Decades later, in 1848 an illustration of the Royal family depicting Queen Victoria and Prince Albert was published, they were all gathered near the tree and therefore the tradition continued and the light shone on the Christmas tree.

(Bettmann Archive)

Germany is believed to have started the Christmas tree tradition as we now know it in the 16th century when devout Christians brought decorated trees into their homes. Some built Christmas pyramids of wood and decorated them with evergreens and candles if wood was scarce. It is a widely held belief that Martin Luther, the 16th-century Protestant reformer, first added lighted candles to a tree. Walking toward his home one winter evening, composing a sermon, he was awed by the brilliance of stars twinkling amidst evergreens. To recapture the scene for his family, he erected a tree in the main room and wired its branches with lighted candles.

Another fact that I found is about the kiss under the mistletoe. It seems that Frigg the goddess of love from the Norse Mythology promised to kiss anyone who passed under the berry-laden plant after it saved her son’s life. It wasn’t until the 18th century, however, that the Christmas custom picked up steam in England.

Although gingerbread houses date back to the 1600s, the tradition became widespread in Germany after the story of Hansel and Gretel was published in 1812. During medieval times, gingerbread was served as a sweetmeat at the end of a meal as part of the ‘void’ or ‘voidee’. Initially, the ‘void’ was the term used for the clearing of the table between courses. By the fifteenth century the voidee described the sweet course served at the end of the meal to aid digestion and sweeten the breath. Curious enough, the original recipe from the fifteenth century does not have any ginger.

On the left, moulds for making traditional gingerbread in Torun which has a long history of making traditional gingerbread.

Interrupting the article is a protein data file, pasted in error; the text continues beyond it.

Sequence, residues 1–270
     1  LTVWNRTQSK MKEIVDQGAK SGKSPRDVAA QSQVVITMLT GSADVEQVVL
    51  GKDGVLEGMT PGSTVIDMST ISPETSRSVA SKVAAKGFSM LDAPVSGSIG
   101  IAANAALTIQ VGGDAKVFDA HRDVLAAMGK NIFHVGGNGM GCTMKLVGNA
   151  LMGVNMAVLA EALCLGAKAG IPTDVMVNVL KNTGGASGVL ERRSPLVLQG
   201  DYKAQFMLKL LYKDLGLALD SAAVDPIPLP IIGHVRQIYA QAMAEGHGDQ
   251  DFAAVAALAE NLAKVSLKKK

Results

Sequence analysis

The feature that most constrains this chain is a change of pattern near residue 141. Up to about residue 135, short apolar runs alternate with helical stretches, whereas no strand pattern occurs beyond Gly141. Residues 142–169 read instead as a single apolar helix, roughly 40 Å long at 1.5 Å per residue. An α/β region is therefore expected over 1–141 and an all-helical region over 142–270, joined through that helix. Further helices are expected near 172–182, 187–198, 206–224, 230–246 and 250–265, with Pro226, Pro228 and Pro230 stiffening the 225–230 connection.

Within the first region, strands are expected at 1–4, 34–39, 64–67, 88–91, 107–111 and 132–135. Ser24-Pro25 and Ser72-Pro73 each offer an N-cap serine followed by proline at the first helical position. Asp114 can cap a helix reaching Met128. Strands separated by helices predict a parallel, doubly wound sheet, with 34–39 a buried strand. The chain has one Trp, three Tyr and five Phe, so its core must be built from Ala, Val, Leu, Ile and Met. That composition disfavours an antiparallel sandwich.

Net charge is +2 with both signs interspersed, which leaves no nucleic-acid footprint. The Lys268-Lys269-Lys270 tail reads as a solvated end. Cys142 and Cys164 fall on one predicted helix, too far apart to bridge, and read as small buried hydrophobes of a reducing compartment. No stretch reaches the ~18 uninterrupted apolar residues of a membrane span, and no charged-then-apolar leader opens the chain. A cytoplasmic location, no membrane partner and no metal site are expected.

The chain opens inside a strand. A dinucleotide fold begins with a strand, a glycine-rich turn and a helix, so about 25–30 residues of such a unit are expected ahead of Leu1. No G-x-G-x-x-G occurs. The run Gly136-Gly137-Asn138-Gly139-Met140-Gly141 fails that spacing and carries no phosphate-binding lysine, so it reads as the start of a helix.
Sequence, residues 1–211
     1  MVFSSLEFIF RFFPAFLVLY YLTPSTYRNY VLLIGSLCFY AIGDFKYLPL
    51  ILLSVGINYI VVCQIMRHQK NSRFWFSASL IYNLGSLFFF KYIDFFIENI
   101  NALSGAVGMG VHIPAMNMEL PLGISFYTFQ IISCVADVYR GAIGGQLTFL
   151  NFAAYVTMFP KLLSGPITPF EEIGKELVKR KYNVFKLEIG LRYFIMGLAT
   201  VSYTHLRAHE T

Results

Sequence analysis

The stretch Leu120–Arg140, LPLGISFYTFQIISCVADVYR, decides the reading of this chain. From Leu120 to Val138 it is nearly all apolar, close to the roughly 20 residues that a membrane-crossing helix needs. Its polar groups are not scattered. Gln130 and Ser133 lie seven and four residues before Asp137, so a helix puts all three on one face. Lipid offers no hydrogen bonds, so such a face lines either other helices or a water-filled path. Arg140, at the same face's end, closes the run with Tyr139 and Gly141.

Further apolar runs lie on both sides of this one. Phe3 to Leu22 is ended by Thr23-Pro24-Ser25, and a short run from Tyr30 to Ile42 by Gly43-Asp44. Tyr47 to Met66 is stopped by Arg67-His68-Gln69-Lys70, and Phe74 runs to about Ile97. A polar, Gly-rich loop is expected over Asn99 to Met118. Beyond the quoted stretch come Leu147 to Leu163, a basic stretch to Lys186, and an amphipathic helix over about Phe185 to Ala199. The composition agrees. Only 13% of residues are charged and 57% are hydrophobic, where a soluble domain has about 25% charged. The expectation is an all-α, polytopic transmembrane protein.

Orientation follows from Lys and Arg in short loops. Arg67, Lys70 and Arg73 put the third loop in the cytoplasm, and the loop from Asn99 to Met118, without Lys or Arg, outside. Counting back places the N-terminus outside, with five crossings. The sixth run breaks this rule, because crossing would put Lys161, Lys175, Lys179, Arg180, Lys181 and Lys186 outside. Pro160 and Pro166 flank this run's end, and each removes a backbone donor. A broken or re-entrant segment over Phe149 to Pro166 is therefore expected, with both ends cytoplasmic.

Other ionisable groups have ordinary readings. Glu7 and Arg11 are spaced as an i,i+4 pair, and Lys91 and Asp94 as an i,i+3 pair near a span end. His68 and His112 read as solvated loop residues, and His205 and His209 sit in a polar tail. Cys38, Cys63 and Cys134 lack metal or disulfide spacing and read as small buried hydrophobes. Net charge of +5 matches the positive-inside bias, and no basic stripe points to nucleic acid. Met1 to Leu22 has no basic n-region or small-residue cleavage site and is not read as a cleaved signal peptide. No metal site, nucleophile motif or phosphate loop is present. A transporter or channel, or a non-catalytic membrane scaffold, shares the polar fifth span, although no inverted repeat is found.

According to English journalist and sociologist Henry Mayhew, in the early nineteenth century a gilded King George on horseback was popular and ‘was eaten with great relish by his juvenile subjects’. Occasionally, the moulded figures would be more unusual. For example, Horsham Museum has a nineteenth century gingerbread mould on display featuring a chicken wearing trousers! The relevance of this has been lost in time although Mayhew describes it an edible ‘toy’.

But wait – there’s more about gingerbread and is quite fascinating! Many people believed gingerbread in certain shapes was charmed – those searching for mates or hoping to ward off evil devoured heart-shaped pieces. Gingerbread rabbits were supposed to increase fertility. Young unmarried women ate man-shaped gingerbread figures called “husbands” in hopes of attracting a live husband. The flip side of believing an object will confer good fortune is fearing it will bring bad luck. Superstitions sprang up that humanoid sweets had demonic powers. Within a few years of Queen Elizabeth’s death, the gingerbread pendulum had swung to the dark side. The sweet fell so far out of favor that Dutch magistrates declared it illegal to bake or eat the molded cookies. Witches supposedly made gingerbread figures, ate them, and thereby caused the death of their enemies. Even after the persecution of witches ended in the 18th century, the evil witch persisted in oral traditions. The Brothers Grimm drew on folklore for their tale of a cannibalistic witch luring children into a gingerbread house. To save themselves, Hansel and Gretel push her into the oven where she planned to bake them. A grim tale indeed.

To make things even more jolly the original tale of the gingerbread man from an 1875 issue of the St. Nicholas Magazine.

Now that you know some of the history of the holiday you can check these links to read how was the “vibe” at a 1800s or 1900s Christmas day as well as some gift guides from that time. Very interesting facts if you ask me.

Bonus fact – and this I have researched due to being a Big Bang Theory fan – Sir Isaac Newton was born on December 25, 1642 according to the Julian calendar. Or on January 4, 1643 if we use the Gregorian calendar.

Did you know any of these facts? If so, which one?


Published by Roxana B

A weirdo.